The same kind of arrangement applies to bigger regions and issues. Problems which involve a number of neighourhoods are dealt with by having “delegates” take the neighbourhood perspectives up to be considered by a gathering at the next level, the “confederation”. For each seven to ten villages there is a People’s Council, and there is a level above that. The delegates bring the possibilities arrived at back for consideration at the grass roots level. The important point is that things are not decided or run by any external or higher authorities. Only the citizens in the communal assemblies may make decisions on matters of policy. The role of the confederal councils is solely to administer to execute those decisions. (Biehl, 2014.)
For all levels all records, decisions and voting results must be publicly available and office holders such as chair people and delegates to conferences can be quickly replaced. Usually there are two chair people and one must be a woman.
Many of the communes are in predominantly non-Kurdish villages. High priority is to involve people from all the ethnic and religious groups in the region. “The Syrian state tried to divide the Kurds and the Arabs. We do not accept this conflict. This land is for all of us, not just for Arabs or for Kurds.”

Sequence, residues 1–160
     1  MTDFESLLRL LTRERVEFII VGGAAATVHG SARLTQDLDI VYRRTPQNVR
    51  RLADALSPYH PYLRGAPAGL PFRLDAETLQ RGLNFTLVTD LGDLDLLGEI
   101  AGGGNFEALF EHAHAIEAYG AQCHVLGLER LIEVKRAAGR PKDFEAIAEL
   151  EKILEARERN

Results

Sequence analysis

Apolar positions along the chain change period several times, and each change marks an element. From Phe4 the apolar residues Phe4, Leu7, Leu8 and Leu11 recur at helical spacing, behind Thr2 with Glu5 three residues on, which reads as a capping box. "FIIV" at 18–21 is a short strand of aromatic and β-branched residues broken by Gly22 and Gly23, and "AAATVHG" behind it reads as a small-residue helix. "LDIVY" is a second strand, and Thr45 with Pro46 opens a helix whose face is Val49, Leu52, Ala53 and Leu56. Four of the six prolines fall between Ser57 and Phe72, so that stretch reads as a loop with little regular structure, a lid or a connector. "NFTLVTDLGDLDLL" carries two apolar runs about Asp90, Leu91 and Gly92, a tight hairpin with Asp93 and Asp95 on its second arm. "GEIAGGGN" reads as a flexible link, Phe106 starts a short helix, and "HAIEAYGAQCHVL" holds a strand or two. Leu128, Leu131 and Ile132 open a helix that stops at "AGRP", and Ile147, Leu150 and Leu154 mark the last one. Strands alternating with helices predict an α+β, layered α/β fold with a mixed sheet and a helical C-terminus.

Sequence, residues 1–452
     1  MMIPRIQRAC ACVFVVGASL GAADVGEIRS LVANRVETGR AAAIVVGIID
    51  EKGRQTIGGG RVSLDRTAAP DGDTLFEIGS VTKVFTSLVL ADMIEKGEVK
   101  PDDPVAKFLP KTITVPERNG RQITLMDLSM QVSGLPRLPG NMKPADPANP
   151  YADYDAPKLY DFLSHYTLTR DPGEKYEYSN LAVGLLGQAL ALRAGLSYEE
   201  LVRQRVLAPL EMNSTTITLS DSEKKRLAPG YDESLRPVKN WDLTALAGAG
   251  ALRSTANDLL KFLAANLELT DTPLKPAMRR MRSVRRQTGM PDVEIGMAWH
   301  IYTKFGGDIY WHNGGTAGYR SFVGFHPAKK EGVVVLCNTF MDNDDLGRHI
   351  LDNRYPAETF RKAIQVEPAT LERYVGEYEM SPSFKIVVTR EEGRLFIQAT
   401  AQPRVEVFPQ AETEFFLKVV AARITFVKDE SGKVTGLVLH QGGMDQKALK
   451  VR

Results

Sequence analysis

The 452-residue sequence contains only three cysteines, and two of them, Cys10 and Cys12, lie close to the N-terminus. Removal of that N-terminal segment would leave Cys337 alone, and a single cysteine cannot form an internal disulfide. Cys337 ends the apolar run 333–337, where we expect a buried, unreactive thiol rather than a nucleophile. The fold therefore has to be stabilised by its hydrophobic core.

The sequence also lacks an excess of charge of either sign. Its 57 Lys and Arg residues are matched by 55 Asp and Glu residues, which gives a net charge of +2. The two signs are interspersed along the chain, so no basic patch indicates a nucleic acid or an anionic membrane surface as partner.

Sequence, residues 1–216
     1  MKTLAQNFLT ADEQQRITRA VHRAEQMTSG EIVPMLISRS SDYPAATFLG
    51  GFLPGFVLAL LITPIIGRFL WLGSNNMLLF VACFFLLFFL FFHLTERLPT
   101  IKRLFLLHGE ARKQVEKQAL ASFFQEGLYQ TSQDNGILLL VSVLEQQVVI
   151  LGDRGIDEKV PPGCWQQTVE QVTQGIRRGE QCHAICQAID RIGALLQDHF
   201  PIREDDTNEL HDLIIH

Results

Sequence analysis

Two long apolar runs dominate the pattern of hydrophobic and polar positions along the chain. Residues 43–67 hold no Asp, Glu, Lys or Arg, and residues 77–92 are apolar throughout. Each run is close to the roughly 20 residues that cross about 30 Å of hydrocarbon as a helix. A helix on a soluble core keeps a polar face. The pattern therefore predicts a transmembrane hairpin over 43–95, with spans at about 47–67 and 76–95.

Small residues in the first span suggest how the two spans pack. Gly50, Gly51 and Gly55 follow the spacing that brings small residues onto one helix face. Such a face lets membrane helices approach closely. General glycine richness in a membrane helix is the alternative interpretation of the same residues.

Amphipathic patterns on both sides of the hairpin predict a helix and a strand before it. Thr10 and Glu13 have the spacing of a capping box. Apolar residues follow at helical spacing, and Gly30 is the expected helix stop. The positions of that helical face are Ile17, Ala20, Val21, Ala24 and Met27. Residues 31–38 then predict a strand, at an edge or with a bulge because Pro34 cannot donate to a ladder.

The economy is a mixture of private and collectivised arrangements. Thus the movement is not opposed to free enterprise, but is conscious of the need firstly to ensure that it serves society, and secondly to counter its damaging effects of the conventional free enterprise economy, especially regarding the development of monopolies. For example in a poor agricultural economy access to seeds is crucial so there is concern to prevent monopoly supply of these. “Our economy should serve the needs of all the people and not just profit a few people.”
The focal economic concern is on serving “… the citizens and not the owners of capital.” The main mechanism for achieving this goal is the creation of cooperatives guided by explicit values including mutual help, mutual responsibility, democracy, equality, fairness and solidarity. There are hundreds of economic cooperatives in Rojava.”
The communes seek ways of meeting people’s needs in the cheapest and most effective way. They attend especially to the poorest, landless and unemployed, immediately by providing necessary goods and services, and in the long term by enabling them to be involved in productive roles, especially by joining cooperatives.